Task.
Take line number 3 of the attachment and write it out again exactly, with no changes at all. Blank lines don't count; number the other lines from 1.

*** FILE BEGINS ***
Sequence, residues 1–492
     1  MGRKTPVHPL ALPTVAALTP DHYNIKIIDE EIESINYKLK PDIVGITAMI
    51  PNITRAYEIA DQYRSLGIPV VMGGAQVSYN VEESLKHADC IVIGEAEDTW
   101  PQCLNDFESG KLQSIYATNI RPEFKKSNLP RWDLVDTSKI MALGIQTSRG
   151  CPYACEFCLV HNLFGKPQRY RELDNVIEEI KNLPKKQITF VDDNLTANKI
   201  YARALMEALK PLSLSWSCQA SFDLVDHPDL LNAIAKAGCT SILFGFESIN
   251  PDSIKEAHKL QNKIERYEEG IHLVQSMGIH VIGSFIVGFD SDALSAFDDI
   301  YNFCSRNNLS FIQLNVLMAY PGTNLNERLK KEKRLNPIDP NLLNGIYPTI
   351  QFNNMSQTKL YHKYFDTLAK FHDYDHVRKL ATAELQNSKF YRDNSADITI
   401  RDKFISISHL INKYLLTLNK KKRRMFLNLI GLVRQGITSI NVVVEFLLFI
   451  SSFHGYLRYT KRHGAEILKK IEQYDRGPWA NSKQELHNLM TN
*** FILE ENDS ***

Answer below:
    51  PNITRAYEIA DQYRSLGIPV VMGGAQVSYN VEESLKHADC IVIGEAEDTW